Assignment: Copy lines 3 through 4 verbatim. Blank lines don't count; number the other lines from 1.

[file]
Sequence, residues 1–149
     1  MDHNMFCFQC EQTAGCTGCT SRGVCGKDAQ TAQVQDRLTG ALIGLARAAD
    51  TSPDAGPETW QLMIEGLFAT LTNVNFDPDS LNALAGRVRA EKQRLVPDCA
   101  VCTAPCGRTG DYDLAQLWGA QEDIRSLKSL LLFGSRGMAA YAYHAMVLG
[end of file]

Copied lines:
    51  TSPDAGPETW QLMIEGLFAT LTNVNFDPDS LNALAGRVRA EKQRLVPDCA
   101  VCTAPCGRTG DYDLAQLWGA QEDIRSLKSL LLFGSRGMAA YAYHAMVLG